Doug, played by Michael Rapaport, is Sam’s Father and has always had a tough time connecting with his son. He’s also been a little embarrassed telling people about the challenges he’s facing in his home life. But things change when Sam turns from relying on his mother to needing his fathers help specifically to learn about dating girls. Doug steps up to the fatherly figure he’s always wanted but was never able to be.
Rapaport has a stellar career working in Television and Cinema such as Friends, Hitch, Prison Break and Dr Dolittle 2. Rapaport manages to capture that fatherly figure that doesn’t quite know what to do but seems to pull it together. He navigates a rather complicated character from a cheating wife, a daughter now dating a boy and an autistic son he doesn’t know how to connect with. But he seems to weave the drama and hold his cool, just like a father holding his family together would.
Robia Rashid, the mastermind behind the creation of Atypical, has worked on How I Met Your Mother, Will and Grace, The Goldbergs and The Loop. And in an interview with Vulture Rashid explains she is very close to someone with Autism but wanted to keep their identity private. And to maintain respect and accuracy for her “someone”, Rashid had to do a lot of research and also brought a specialist into the process for accuracy and respect to those on the Autism Spectrum.
Rashid worked with Professor Michelle Dean in the creation and also had her on set to help the lead Actor Keir Gilchrist maintain an element of authenticity. It also helped maintain respect for those on the Autism Spectrum. In the same Vulture Q&A Rashid tells a story when the actor playing Sam reacts the wrong way so Dean steps in to correct the situation.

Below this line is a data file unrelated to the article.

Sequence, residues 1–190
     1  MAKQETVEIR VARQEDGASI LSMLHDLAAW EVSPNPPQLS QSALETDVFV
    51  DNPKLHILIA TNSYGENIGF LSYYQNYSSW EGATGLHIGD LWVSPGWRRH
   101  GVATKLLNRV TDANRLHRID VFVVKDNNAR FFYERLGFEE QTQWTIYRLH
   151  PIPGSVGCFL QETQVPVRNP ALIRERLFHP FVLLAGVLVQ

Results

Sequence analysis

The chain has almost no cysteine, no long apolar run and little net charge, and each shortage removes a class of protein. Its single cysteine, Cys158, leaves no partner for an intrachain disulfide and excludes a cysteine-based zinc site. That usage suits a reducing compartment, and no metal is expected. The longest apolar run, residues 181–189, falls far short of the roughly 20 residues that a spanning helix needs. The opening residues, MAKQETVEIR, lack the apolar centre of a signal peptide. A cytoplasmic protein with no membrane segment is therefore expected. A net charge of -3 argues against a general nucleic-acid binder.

“For example, she watched a cut once and there was a moment where Sam’s friend Zahid (Nik Dodani) makes some crude joke at work, and Keir, the actor, looked around a tiny bit in one take. She said, “He wouldn’t look around like he wasn’t embarrassed because he wouldn’t be.” So we just changed the take where he wasn’t looking around. We were that conscious about it, right down to the eye movement”.
And you can see the accuracy and detail Rashid has maintained throughout the show has given it a whole meaningful depth. It isn’t about mocking those on the Autism Spectrum, but breaking down that stigma and letting you laugh at the situations, not the person.
Overall this is a wonderful real look at an 18-year-old wanting to break out, find his independence and live a life like his family and peers. But getting there is all part of the journey, just twice as hard. It will make you laugh, make you cry and most certainly open your mind to Autism and the judgement that goes with it. There can’t be judgement passed when you laugh out loud because he got a hand job in an igloo.
Review by Jay Cook